(No Listerine was spilled in the making of the ad, but you can’t have it all.)

Anyway, good on the Predators and their fans for welcoming P.K. back.

As a reminder, Montreal Canadiens fans greeted him with love upon his return, too:

James O’Brien is a writer for Pro Hockey Talk on NBC Sports. Drop him a line at phtblog@nbcsports.com or follow him on Twitter @cyclelikesedins.

Avs’ rising star Cale Makar shaken by hit from Bruins’ Marchand

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The Colorado Avalanche have done a masterful job, for the most part, when it comes to rolling with injury-related punches to key players such as Mikko Rantanen and Gabriel Landeskog. They have to hope that Saturday didn’t send another such haymaker their way.

Rising star defenseman Cale Makar (who just fell under a point per game on Saturday with 28 in 29 contests) was clearly shaken up by a hard hit by Boston Bruins forward Brad Marchand.

It didn’t seem like a heinous hit by Marchand, although there are some who wonder if it was a bit high.

Either way, Makar’s reaction is troubling. You can see him shake his head multiple times following the hit, which gives the impression that he could have suffered a concussion. That doesn’t guarantee that Makar did, but it’s a situation to watch — and one the Avalanche should absolutely be careful about.

The Avalanche ended up beating the Bruins 4-1 on Saturday.

James O’Brien is a writer for Pro Hockey Talk on NBC Sports. Drop him a line at phtblog@nbcsports.com or follow him on Twitter @cyclelikesedins.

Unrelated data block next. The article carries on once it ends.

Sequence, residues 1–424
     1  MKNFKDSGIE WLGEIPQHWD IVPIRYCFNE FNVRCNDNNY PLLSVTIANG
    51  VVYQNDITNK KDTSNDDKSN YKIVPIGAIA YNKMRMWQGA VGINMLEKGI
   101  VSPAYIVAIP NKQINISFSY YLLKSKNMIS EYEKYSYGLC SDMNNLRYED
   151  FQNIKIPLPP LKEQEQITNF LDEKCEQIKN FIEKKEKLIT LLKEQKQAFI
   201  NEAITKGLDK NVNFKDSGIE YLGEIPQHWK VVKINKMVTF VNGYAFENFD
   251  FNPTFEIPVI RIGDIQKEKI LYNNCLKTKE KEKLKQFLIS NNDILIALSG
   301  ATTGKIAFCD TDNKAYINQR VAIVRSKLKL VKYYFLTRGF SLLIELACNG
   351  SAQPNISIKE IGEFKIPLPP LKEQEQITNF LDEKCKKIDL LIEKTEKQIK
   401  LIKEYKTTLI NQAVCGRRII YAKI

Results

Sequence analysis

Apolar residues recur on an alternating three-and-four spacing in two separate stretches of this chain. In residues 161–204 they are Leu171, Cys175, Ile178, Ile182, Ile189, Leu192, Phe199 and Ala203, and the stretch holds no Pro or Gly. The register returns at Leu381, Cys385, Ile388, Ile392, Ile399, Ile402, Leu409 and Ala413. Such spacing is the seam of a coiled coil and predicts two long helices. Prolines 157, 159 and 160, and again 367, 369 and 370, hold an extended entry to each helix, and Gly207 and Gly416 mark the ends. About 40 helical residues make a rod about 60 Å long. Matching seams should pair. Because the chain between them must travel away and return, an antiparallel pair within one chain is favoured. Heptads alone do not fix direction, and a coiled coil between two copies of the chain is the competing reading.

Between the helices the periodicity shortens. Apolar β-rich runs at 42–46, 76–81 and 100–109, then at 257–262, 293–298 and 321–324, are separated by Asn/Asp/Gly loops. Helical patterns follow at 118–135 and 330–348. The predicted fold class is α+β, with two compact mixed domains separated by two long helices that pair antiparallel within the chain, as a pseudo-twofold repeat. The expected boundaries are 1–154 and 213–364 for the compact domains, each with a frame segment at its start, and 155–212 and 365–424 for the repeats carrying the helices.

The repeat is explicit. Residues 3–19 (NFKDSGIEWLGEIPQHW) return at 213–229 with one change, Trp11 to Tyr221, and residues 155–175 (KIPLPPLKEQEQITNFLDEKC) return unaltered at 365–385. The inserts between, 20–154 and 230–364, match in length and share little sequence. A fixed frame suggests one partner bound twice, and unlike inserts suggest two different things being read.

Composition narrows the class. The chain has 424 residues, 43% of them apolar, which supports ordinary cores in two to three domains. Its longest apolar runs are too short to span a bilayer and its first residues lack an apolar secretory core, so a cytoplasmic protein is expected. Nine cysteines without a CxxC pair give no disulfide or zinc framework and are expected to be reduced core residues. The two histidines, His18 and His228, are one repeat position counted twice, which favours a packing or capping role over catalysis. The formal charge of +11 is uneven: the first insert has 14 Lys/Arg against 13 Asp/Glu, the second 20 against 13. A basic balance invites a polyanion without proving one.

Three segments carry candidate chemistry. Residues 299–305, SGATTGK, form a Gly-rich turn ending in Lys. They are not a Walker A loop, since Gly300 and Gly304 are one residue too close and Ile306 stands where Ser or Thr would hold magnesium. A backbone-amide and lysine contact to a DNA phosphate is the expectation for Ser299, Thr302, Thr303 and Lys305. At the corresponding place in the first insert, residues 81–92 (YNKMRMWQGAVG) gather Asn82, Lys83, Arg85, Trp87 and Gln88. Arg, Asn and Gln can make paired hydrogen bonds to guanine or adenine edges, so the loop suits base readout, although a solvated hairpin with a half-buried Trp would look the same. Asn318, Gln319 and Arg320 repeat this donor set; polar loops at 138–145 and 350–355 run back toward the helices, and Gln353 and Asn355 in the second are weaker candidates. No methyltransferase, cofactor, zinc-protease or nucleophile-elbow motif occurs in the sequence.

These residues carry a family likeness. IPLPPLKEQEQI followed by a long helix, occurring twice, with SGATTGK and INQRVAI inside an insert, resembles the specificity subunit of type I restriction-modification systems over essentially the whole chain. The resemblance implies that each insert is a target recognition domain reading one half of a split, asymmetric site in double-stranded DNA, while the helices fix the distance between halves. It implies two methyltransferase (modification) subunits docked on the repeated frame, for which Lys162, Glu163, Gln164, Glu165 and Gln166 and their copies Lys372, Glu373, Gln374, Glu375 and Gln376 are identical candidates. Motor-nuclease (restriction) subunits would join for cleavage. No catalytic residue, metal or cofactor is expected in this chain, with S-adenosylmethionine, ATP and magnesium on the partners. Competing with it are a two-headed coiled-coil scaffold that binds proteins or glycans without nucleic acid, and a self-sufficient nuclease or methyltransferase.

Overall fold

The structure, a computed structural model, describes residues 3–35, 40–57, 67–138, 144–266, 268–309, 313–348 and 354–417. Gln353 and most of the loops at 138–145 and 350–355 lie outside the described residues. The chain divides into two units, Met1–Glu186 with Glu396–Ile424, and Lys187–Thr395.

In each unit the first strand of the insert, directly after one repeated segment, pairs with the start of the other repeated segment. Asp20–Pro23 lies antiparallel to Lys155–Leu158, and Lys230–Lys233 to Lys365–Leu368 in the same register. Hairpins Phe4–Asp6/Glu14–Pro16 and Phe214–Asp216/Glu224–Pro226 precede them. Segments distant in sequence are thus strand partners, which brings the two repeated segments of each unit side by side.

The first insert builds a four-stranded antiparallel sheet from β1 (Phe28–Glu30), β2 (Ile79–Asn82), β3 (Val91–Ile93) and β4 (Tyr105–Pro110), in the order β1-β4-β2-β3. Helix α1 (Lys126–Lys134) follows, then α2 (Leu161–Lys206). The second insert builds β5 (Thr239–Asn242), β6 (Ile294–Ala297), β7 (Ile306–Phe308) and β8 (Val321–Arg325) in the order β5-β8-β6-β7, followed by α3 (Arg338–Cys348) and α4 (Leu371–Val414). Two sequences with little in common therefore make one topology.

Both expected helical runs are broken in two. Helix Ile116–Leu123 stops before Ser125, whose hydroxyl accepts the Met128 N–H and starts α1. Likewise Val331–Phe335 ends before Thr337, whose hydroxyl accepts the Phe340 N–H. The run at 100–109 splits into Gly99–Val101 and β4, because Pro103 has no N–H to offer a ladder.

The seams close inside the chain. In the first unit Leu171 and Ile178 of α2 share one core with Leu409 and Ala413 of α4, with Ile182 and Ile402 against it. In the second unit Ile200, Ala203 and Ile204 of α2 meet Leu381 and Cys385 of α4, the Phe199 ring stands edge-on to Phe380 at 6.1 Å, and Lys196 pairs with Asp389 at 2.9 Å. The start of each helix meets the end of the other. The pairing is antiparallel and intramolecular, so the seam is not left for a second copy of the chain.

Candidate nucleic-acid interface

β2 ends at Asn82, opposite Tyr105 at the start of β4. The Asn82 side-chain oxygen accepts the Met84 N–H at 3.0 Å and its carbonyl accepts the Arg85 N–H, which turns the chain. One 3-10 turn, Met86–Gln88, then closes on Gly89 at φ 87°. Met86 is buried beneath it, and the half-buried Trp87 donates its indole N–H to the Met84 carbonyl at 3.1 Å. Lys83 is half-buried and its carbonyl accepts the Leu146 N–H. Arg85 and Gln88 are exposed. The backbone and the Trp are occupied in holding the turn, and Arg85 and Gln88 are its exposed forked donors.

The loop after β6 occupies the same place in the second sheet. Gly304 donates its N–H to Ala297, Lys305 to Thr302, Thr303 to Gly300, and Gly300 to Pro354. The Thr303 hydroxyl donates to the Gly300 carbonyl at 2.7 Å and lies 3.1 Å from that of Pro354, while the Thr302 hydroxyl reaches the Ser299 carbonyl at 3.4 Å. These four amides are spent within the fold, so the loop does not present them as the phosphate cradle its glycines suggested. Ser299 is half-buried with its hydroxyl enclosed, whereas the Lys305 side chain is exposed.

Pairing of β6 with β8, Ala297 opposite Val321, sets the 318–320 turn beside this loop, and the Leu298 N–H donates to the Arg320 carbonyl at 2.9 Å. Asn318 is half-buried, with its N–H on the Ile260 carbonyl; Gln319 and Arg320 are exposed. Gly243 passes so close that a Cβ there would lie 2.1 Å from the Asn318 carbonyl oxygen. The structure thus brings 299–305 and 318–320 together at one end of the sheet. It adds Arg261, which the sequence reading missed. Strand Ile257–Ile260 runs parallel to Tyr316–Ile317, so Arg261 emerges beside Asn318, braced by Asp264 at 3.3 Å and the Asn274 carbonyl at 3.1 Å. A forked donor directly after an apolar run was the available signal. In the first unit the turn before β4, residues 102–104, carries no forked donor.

Laila Anderson, bone marrow donor attend Blues game

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If it got a “little dusty” at the Enterprise Center in St. Louis on Saturday, that’s understandable, because the continued story of Laila Anderson meeting Kenton Felmlee, her bone marrow donor, is sure to make most get a case of heightened allergies.

(Is that a leak from the ceiling? /Sobs)

Anyway, Felmlee was Anderson’s guest during Saturday’s Toronto Maple Leafs – St. Louis Blues game, giving the two another chance to bond, and beyond that, for Anderson to thank Felmlee for helping her in her battle with the rare immune disease HLH.

It’s great stuff, even if the actual Blues game isn’t going so great for St. Louis.

This longer clip from their first meeting earlier this week is worth watching, unless you don’t want people to see you openly weeping’n’stuff:

(Personally, I’d say it’s worth it.)

MORE ON LAILA ANDERSON AND THE BLUES:

James O’Brien is a writer for Pro Hockey Talk on NBC Sports. Drop him a line at phtblog@nbcsports.com or follow him on Twitter @cyclelikesedins.

Canucks’ Miller scored an awesome water bottle breaker in OT

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Over time, you can become jaded as a sports (and specifically hockey) fan.

Stories about abusive coaches, lockouts, fans booing players for simply no longer being on their teams — it can sap some of the joy of the game.

Thankfully, we have highlights, and I can’t think of many simpler joys than someone scoring a goal and absolutely obliterating the goalie’s water bottle in the process. (As long as no one gets too dehydrated in the making of such films.)

Vancouver Canucks winger J.T. Miller did it one better on Saturday: he scored an important goal that way. Miller presented the ultra-rare OTBBGWG (overtime bottle-breaking game-winning goal) as the Canucks beat the Buffalo Sabres 6-5 in OT.

Bask in the glory of that goal in the video above this post’s headline. Here’s a fun alternate angle:

By the way, Miller continues to be a deadly offensive weapon for the Canucks. This one-goal, one-assist output extended his current point streak to an impressive eight games (5G, 6A for 11 points). Overall, Miller has 31 points in 30 games during his first season in Vancouver.

James O’Brien is a writer for Pro Hockey Talk on NBC Sports. Drop him a line at phtblog@nbcsports.com or follow him on Twitter @cyclelikesedins.